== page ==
“People helping themselves, one another and health services represents a set of new social movements for health: changing the basics of how the health system approaches the prevention and management of health, in particular long–term conditions.” The NHS in 2030, Nesta

How could digital technology help?

Emerging technologies are transforming the way people engage with their own health. Patients and carers are increasingly using mobile technology to research information online, share experiences, identify treatment options, rate providers and help to anticipate diagnoses.

Most of these solutions are focused on a younger population. Small buttons, fiddly controls,and unnecessarily complicated interfaces can all be barriers to older users. Certain fears regarding technology due to expenditure of a large amount of money with a low benefit return, breaking the equipment or doing something wrong, could also generate anxiety and frustration for the elderly audience.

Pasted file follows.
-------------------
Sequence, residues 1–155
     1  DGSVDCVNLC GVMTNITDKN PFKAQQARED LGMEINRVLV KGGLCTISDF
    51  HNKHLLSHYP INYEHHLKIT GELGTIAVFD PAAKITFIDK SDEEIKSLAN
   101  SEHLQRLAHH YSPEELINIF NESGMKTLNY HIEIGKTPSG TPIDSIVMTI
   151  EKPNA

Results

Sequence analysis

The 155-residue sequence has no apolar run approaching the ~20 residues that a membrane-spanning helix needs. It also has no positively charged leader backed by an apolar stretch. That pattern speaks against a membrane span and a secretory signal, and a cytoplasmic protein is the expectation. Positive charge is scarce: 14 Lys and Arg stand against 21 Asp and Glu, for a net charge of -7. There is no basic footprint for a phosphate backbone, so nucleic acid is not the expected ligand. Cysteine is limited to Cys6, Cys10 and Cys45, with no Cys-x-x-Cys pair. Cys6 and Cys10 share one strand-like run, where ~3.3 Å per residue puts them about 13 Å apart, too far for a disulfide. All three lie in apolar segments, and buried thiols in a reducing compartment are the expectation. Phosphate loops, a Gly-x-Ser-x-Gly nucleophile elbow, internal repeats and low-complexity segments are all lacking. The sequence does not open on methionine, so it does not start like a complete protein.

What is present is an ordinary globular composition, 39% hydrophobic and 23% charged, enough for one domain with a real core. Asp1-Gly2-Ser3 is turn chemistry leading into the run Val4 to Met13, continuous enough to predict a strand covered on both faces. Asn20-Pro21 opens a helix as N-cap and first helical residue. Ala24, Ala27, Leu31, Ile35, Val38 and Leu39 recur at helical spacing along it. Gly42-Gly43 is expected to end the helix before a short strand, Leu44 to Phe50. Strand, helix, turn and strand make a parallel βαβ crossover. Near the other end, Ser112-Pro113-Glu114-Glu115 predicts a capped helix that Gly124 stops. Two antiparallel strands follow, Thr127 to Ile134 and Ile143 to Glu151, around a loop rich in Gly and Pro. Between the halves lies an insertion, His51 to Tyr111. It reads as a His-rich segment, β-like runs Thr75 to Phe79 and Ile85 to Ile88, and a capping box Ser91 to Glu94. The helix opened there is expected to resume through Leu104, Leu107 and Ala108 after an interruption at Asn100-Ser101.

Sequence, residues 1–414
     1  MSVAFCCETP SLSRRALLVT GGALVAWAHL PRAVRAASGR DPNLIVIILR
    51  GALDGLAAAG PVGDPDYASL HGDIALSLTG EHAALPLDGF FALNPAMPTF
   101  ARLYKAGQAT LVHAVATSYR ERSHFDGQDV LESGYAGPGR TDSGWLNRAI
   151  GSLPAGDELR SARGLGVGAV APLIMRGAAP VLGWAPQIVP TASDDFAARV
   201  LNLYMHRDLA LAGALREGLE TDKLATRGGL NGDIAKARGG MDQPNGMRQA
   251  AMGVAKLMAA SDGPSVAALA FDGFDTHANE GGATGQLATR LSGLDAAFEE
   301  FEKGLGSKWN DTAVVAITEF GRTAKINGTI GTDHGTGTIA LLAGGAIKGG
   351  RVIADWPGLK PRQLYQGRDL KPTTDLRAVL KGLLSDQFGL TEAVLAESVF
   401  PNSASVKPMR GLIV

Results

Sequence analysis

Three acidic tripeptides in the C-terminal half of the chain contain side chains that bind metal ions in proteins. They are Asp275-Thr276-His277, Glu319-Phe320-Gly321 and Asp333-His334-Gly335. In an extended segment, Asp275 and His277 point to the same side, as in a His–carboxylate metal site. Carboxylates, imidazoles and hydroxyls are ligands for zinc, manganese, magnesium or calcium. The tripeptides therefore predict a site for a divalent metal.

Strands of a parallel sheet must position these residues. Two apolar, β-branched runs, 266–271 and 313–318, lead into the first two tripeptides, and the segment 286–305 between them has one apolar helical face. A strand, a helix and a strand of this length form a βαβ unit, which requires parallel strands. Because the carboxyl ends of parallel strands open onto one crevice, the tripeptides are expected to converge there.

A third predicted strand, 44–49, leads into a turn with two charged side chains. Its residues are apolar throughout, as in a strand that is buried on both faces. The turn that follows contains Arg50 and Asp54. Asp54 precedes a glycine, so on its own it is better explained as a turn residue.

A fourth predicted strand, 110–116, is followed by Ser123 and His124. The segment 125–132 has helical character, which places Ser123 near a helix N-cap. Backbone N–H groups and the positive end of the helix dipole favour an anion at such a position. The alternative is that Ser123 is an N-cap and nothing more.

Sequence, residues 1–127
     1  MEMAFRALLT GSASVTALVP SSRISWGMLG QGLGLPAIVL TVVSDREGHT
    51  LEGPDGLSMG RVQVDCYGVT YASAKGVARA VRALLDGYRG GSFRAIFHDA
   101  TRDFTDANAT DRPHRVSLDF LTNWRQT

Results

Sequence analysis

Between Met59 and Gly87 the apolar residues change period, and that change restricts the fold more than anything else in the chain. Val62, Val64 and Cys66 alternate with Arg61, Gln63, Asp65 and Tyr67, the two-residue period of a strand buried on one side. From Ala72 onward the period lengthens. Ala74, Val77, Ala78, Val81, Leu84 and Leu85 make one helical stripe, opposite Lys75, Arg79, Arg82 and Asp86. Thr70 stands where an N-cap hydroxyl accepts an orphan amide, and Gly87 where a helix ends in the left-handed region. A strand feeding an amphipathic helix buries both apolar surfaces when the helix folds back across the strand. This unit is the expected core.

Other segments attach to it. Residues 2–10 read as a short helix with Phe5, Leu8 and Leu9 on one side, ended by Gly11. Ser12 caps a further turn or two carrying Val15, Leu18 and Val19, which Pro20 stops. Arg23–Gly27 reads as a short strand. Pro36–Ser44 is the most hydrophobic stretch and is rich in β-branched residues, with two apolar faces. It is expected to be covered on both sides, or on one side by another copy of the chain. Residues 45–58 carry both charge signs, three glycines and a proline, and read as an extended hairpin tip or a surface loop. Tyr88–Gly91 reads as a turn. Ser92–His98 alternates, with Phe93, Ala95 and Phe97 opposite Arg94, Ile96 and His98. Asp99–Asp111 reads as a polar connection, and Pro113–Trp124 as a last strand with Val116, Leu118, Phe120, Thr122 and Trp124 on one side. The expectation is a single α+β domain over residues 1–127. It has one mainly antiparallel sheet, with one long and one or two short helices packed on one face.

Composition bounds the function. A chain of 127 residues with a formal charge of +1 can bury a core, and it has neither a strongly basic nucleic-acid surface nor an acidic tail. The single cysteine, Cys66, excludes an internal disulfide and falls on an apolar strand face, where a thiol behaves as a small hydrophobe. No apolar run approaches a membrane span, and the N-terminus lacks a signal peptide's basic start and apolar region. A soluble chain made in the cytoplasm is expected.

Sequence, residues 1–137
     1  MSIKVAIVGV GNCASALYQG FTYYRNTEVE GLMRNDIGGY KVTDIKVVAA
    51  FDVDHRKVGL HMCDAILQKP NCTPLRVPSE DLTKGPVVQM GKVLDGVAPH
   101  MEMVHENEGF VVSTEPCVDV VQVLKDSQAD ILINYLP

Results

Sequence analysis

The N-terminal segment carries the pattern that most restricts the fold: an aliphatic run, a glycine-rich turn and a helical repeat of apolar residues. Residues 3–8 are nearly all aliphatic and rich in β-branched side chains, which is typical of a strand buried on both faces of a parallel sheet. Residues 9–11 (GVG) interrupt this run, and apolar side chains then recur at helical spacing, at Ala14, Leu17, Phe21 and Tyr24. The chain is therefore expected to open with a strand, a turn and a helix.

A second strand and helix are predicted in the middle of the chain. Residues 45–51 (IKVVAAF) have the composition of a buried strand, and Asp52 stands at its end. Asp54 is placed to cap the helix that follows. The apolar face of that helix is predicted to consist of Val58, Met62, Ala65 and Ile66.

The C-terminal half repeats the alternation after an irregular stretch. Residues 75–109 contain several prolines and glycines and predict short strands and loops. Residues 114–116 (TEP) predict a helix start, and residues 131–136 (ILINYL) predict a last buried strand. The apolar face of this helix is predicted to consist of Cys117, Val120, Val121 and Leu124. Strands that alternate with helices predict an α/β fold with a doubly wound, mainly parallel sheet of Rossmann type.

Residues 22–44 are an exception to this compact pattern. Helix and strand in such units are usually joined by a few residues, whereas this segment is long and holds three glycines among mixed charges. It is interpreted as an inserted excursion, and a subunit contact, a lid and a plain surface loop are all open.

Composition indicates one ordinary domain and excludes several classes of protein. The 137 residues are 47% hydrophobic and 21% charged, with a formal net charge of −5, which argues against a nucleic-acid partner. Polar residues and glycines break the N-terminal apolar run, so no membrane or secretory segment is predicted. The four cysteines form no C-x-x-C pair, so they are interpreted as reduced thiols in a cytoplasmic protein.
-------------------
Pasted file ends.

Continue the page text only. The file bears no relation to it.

The lack of solutions designed especially for elderly people reveals a potential unexplored field to investigate. How digital technologies can bring scale to innovative projects that help older people overcome the constraints of location, mobility or lack of memory. How design could adopt a more holistic approach and explore a flexible ecosystem, integrating technology with elements that are already part of these people’s routine.

Mind map of existing solutions vs basic human needs

Map of existing solutions x basic human needs